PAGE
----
How being bipolar changed me
I wasn’t diagnosed with Bipolar disorder until I was almost thirty. Up until then I had been a hard working perfectionist who was known and depended upon by her coworkers. I did things quickly and efficiently, I was the girl that got things done. But sadness and anger began to impede my lifestyle so much so that even my boss noticed it. I was devastated and told in no uncertain terms it was time to get help. With help came a diagnosis and medication. According to the psychiatrist I had a mood disorder and medication would get me back to normal in no time. I wanted that normal back. I had things to do. I needed to finish my credential, teach my class and continue to be girl everyone depended on. Now was not the time to change.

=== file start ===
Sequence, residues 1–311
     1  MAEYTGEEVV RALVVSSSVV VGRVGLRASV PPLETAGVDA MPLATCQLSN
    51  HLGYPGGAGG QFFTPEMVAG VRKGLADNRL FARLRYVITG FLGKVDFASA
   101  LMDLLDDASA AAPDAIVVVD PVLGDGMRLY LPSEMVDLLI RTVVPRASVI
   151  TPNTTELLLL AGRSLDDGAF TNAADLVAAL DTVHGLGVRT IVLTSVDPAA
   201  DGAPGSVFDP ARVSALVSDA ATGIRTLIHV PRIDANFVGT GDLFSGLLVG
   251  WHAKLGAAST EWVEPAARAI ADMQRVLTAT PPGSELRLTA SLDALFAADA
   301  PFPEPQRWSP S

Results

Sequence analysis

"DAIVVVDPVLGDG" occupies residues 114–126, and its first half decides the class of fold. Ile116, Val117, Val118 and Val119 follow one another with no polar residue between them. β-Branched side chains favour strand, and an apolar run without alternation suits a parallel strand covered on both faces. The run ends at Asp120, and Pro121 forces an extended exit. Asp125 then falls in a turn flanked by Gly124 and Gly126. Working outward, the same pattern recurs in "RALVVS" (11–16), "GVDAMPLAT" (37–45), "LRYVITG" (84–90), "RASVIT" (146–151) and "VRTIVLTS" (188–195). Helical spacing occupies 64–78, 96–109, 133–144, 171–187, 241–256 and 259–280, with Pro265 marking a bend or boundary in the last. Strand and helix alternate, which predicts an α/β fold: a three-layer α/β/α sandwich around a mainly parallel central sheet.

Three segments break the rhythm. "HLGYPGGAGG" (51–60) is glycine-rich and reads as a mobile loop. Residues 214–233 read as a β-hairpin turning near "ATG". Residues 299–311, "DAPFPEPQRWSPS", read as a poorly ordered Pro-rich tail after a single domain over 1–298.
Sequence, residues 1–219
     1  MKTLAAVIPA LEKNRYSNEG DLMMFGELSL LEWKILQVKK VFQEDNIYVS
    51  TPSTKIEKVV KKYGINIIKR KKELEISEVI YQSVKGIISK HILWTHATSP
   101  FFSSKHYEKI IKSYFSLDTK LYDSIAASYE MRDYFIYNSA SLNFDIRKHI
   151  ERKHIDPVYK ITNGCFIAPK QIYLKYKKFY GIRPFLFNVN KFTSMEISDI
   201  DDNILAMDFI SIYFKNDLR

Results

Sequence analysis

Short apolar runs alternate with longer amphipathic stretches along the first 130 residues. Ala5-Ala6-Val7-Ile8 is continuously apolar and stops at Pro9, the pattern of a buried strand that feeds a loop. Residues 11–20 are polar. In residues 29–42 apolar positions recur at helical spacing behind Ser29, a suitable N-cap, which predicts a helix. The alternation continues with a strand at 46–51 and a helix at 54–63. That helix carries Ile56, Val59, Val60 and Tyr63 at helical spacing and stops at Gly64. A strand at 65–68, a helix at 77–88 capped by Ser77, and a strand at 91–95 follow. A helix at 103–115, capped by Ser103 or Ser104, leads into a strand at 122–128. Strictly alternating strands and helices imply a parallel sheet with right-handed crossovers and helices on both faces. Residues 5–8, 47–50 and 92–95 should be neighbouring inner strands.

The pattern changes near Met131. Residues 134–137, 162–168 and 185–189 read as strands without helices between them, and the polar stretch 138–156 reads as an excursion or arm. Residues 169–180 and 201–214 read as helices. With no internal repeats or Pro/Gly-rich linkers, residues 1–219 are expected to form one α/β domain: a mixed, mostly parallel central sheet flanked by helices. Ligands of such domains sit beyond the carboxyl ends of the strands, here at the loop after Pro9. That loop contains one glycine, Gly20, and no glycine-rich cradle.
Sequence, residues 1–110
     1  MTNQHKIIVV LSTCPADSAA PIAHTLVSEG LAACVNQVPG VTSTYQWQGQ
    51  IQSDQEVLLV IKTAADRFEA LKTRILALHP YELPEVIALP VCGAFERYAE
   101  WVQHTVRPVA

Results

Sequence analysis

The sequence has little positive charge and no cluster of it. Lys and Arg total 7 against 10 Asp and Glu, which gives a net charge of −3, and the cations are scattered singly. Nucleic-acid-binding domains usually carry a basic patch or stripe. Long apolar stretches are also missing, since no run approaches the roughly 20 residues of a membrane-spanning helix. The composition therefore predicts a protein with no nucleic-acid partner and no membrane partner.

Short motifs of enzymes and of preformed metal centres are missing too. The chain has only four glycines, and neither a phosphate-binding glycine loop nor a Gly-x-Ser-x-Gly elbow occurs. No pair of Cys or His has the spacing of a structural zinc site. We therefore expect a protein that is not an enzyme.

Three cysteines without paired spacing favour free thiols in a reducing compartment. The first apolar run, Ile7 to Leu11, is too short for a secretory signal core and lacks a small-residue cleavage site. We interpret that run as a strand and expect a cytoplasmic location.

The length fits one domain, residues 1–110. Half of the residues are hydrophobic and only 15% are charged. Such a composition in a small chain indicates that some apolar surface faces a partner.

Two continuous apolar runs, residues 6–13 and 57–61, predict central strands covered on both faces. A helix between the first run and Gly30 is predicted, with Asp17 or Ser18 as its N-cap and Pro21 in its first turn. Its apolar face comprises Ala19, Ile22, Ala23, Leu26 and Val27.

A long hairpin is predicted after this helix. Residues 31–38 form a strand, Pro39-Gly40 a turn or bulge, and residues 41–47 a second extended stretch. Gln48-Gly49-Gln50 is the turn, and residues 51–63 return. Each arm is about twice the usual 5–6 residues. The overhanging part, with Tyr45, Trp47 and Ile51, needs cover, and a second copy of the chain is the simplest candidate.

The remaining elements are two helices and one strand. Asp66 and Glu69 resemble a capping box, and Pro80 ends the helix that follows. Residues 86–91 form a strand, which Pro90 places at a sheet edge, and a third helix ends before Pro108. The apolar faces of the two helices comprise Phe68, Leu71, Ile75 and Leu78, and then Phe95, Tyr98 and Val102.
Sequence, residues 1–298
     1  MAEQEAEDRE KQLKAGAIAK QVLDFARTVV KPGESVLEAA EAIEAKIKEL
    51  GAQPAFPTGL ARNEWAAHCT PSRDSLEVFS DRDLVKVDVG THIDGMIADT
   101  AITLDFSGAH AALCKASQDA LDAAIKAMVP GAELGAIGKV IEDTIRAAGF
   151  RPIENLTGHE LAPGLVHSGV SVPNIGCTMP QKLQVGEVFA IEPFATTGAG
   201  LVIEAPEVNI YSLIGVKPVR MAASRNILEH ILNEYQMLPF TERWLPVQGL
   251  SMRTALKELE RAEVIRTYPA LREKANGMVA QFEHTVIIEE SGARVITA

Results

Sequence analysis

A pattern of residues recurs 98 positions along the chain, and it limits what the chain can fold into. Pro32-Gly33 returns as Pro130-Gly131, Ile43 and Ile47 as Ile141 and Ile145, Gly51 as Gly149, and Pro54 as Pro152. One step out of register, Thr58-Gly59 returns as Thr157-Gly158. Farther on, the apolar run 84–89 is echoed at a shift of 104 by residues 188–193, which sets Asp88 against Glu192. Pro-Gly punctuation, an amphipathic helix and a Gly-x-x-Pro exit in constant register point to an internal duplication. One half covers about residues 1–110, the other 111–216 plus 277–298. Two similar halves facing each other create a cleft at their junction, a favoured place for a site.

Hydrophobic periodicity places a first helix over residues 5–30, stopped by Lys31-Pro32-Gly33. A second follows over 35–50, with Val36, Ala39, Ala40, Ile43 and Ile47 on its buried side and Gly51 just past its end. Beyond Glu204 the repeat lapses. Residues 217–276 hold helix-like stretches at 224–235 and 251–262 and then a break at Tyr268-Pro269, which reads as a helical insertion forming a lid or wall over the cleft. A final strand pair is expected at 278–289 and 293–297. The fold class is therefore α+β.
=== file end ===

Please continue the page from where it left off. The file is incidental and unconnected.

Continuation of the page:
Alas I had been irrevocably changed and no medication would get me back down that yellow brick road. So long Kansas (I live in California, but you get it) I was living a new life now and it was so much harder than the last one. I wanted to lay in bed and sleep all the time, I had trouble remembering simple tasks (a side effect of the medication), I couldn’t hold down steady work and I had to quit my master’s program because I was taking too long to complete it. Let us not forget that I have no money to pay my bills and am courting the idea of declaring bankruptcy. And all I can say is thank God I’m not in a relationship because that is a whole other beast to tackle when you have mental illness. This was in a sense my midlife crisis. Of course, my midlife crisis came in the form of a debilitating mental illness. I would have to come to terms with the loss of my younger self. That on the go woman who had her plate full of big girl tasks. I would now have to be the new Randi. New life, new goals, new hopes to believe in. I couldn’t do everything at once anymore and it was going to take me a lot longer to do it. I of course am the person who has the most difficulty with this. I have had to stop measuring everything based on the clock. I may not get my Master’s in two years, it may take me three and that has to be okay. My new life is no longer based on a calendar but on how I feel day to day. And with my new life I have already learned a few new lessons. I have learned that I don’t have to feel bad for not being “who I once was”. I have a real illness. An illness that wants to hurt me, to get in the way of life. I have learned that I am still loved. I am still loved because I am not my illness. I have nieces and nephews and a sister that have continued to love me. And the new me has had different doors to start to open. They are headed a different direction and it will take me longer to walk through them but that doesn’t take away from how purposeful and fulfilling my life will be.